Martha Rogers! Congratulations, Martha. You’ve won Sandra D. Bricker’s new release Always the Designer Never the Bride.
Nostalgia is the deep bond we have with the past. It is delicate, but potent. In Greek, nostalgia literally means a pain from an old wound, a twinge in your heart far more powerful than memory alone. It goes backward and forward and takes us to a place where we ache to go again.
This paraphrase from Don Draper, the über ad man from Mad Men caught my attention and describes my passion as a writer: taking the reader on a nostalgic journey.
It’s not as easy as you think, but here are some guidelines to steer you in the right direction:
There must be a reason for placing your story in a certain year or decade.
• A backdrop of world events or social customs unique to the era make a story feel organic.
• This establishes credibility and gives texture to the story even if it’s not the major plot.
• Everything else springs from this so choose your era and events wisely.
Research is vital.
• Historical inaccuracy breaks the “fictional dream” and pulls readers from the story.
• Memory is faulty, so it’s imperative to check the facts: music, TV shows, brand names, and products. If you get it wrong, your readers will tell you about it. (Ouch!)
• “Rule of Threes” – try to obtain three sources. Consider the reliability of the source. For example: government documents or professional journal articles are more reliable than random blog articles.
• Visit the setting. If that’s not possible, use Google maps for general lay of the land and read books and newspapers from the era for public opinions of the day.
• Don’t impose modern views on historical characters.
• Organize your materials (a whole other blog post!).
Vivid, specific details elicit emotion.
• Sights, sounds, and smells draw the reader in. Music is a powerful tool. Nothing nails an era like its particular “sound.”
• Smell evokes emotion because it is associated with memory.
• Visualize scenes like a movie in your head. Smell the popcorn at the theater. Hear the guns blazing in the wide screen of your mind. Watch the colors and the landscape drift by. Voices and speech patterns will come more naturally with this exercise.
Language and slang.
• Language and slang create a doorway to your time period and give regional distinction to your writing. You hardly ever hear anyone today say, “cool cat” or “the cat’s pajamas.”
• Likewise, don’t have your vintage or historical characters use modern slang.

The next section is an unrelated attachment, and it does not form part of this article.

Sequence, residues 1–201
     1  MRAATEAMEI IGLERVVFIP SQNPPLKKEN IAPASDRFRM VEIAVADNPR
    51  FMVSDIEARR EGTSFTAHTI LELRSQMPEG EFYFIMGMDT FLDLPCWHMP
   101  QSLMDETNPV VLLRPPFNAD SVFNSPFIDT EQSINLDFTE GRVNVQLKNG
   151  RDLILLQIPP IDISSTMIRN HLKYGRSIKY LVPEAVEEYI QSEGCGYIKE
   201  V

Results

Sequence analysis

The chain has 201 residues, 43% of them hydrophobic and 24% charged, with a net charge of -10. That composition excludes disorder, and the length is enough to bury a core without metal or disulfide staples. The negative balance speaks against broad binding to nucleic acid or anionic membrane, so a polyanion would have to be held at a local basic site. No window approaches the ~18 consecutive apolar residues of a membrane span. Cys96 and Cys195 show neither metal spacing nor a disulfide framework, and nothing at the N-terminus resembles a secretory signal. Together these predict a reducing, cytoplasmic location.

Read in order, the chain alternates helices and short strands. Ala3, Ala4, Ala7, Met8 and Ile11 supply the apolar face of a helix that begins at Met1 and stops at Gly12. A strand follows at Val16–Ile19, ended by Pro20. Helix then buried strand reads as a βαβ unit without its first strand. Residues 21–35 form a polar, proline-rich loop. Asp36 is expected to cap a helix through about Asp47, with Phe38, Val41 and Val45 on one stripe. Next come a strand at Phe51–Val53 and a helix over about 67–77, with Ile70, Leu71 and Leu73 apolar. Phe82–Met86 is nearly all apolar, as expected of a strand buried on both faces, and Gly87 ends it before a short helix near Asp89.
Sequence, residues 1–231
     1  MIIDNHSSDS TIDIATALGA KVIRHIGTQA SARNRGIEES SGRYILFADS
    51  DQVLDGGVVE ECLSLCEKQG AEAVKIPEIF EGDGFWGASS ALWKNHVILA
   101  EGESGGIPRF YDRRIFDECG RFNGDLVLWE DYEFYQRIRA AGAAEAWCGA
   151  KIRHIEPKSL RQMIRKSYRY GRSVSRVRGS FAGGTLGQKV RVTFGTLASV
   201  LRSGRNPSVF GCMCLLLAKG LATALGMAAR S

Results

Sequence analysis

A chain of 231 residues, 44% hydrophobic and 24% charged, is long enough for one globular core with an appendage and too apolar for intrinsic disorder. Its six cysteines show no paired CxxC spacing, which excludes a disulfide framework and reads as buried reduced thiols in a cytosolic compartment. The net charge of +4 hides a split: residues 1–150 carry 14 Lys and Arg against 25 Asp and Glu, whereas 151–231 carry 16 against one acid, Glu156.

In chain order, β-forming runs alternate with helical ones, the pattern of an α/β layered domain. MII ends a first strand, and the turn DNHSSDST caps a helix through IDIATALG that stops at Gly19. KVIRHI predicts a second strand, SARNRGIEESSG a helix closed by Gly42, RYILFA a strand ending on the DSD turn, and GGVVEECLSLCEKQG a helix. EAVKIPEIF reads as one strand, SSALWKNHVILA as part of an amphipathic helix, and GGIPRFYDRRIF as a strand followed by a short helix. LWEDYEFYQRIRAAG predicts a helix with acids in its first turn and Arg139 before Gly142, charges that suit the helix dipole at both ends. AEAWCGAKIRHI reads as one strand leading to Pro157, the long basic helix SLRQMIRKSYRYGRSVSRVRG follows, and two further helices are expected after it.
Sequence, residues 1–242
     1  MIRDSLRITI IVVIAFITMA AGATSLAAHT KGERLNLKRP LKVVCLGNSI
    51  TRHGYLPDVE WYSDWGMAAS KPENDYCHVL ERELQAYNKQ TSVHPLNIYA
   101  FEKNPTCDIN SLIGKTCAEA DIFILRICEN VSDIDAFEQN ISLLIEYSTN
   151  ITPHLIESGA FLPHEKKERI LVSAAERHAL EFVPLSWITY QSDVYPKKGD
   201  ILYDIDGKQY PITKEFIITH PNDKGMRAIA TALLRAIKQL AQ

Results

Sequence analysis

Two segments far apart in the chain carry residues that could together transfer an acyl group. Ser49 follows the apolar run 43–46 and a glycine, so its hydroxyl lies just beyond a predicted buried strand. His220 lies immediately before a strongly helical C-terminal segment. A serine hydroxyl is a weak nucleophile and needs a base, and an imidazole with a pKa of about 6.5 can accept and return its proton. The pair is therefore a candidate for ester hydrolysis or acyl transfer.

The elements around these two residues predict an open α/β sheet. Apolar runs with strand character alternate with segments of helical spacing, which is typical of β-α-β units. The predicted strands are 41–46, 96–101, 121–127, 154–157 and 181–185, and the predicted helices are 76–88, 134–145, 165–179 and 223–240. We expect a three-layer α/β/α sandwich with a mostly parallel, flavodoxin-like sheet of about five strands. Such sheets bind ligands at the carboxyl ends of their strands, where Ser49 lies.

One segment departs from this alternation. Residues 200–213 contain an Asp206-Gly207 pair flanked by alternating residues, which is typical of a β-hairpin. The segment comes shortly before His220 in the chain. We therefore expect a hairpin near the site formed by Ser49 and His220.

• Dialect: Use sparingly, if at all. Use syntax and grammar to denote dialect. An occasional mention of an Irish brogue or that the character came from the hills of Arkansas, and readers will get it. Promise.
Are you up for the challenge? The ultimate sweet reward is having a reader say, “I felt like I was there and didn’t want to leave.” Transport your readers into the fictive dream and give them an emotional experience. They will thank you for it.
Guest AUTHOR BIO:
Carla Stewart’s writing reflects her passion for times gone by. A child of the fifties and sixties, she recalls it as a glorious time when the summers were lazy, colors were brighter, and music filled her heart. Carla’s desire is to take readers back to the times when they knew they were loved, to that warm, familiar place in their hearts called “home.”
Her award-winning novels include Chasing Lilacs and Broken Wings. Stardust is her newest release. She loves readers and participating in book club discussions. You can learn more about Carla and ways to connect with her at www.carlastewart.com, twitter: www.twitter.com/#!/ChasingLilacs and
STARDUST Book Blurb:
In the bayou country of East Texas, the neon sign of the STARDUST stands silent, no longer beckoning visitors to its cozy cottages. But two days after Georgia Peyton buries her unfaithful husband, a curious thing happens: the STARDUST sign sputters to life and winks at her. Sustained by a memory from the past and determined to build a new life, Georgia acquires the STARDUST with hopes of breathing new life into it too.
But the guests who arrive aren’t what Georgia expects: her gin-loving mother-in-law; her dead husband’s mistress; an attractive drifter who’s tired of the endless road; and an aging Vaudeville entertainer with a disturbing link to Georgia’s past. Dreams of a new life are crippled amid the havoc. Georgia’s only hope is that she can find the courage to forgive those who’ve betrayed her, the grace to shelter those who need her, and the moxie to face the future. One thing is certain: under the flickering neon of the STARDUST, none of their lives will ever be the same.